U.S. identifies 109 cases of severe hepatitis, including 5 deaths, in children

People walk into the Children's Hospital of Georgia in Augusta, Georgia, U.S., January 14, 2022. REUTERS/Hannah Beier

May 6 (Reuters) - U.S. health officials on Friday said they are investigating 109 cases of severe hepatitis of unknown origin in children, including five reported deaths, updating a nationwide alert issued in April for doctors to be on the lookout for such cases of the liver disease.

The cases have been identified over the past seven months in 25 states and territories, Dr. Jay Butler, deputy director for infectious diseases at the U.S. Centers for Disease Control and Prevention (CDC), said during a conference call.

Fourteen of the children required liver transplants.

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Butler said around half of the 109 children diagnosed with hepatitis were also infected with a type of adenovirus, a virus that causes the common cold, but the agency is still investigating the exact cause of the illness.

Hepatitis linked to this type of adenovirus has almost exclusively been associated with immunocompromised children, but many of the cases first reported to the CDC did not have immunocompromising conditions, Butler said.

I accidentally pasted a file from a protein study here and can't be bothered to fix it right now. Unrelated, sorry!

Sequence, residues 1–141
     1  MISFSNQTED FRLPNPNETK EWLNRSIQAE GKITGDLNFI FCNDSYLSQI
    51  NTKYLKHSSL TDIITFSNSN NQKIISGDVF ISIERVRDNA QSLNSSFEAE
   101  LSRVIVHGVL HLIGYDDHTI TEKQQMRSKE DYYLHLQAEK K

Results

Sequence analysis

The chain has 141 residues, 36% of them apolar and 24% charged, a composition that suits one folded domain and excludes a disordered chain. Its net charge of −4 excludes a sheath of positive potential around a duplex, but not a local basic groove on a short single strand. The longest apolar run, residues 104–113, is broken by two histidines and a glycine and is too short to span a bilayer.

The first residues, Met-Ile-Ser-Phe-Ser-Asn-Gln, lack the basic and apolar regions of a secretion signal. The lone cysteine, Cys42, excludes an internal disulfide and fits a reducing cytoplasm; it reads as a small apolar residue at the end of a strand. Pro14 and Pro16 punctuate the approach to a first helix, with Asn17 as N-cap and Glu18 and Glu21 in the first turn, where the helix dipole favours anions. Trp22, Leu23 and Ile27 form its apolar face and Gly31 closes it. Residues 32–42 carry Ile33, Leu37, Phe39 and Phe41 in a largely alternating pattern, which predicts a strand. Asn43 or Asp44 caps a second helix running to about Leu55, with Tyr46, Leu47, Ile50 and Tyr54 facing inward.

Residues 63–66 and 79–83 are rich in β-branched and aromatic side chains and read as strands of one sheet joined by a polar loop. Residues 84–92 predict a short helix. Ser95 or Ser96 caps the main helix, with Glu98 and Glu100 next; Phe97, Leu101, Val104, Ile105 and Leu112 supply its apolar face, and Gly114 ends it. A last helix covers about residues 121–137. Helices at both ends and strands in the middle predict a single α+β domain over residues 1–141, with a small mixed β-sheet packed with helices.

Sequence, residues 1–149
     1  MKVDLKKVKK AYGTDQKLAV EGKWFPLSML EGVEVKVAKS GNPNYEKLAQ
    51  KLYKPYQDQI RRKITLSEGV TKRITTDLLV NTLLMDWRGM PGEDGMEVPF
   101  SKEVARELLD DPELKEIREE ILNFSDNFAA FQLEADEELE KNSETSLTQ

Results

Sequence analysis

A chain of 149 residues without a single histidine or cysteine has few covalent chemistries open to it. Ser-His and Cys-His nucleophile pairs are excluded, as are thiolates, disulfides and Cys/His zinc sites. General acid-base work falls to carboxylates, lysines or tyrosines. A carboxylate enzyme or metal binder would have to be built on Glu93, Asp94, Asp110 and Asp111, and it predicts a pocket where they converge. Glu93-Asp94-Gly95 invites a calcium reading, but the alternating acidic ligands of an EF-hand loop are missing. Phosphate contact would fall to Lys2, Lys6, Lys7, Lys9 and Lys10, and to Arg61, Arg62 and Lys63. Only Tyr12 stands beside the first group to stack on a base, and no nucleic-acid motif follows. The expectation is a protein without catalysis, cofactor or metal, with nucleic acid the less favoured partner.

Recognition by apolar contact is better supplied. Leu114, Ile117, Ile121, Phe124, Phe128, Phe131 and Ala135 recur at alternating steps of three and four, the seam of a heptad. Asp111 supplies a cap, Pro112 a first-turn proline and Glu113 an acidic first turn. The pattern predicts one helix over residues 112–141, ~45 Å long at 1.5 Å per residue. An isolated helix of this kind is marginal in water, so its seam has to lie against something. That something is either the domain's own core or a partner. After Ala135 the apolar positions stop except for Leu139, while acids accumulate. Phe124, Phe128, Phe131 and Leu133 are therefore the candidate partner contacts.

He said the "vast majority" of the identified children were not eligible for COVID vaccination, which "appears to be unrelated to these cases."

The CDC is investigating whether COVID infection may be playing a role, as well as exposure to other pathogens, medications and animals.

Compared to pre-pandemic rates, the agency said it has not seen an overall increase in the incidence of severe hepatitis in children, which remains rare.

The update follows investigations in the United States and Europe of clusters of hepatitis in young children. read more

The World Health Organization earlier this week said it had received reports of at least 228 probable cases from 20 countries with over 50 additional cases under investigation.

The CDC said it is working with counterparts in Europe to understand the cause of the infections that can cause liver damage and lead to liver failure.

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Reporting By Deena Beasley Editing by Bill Berkrot

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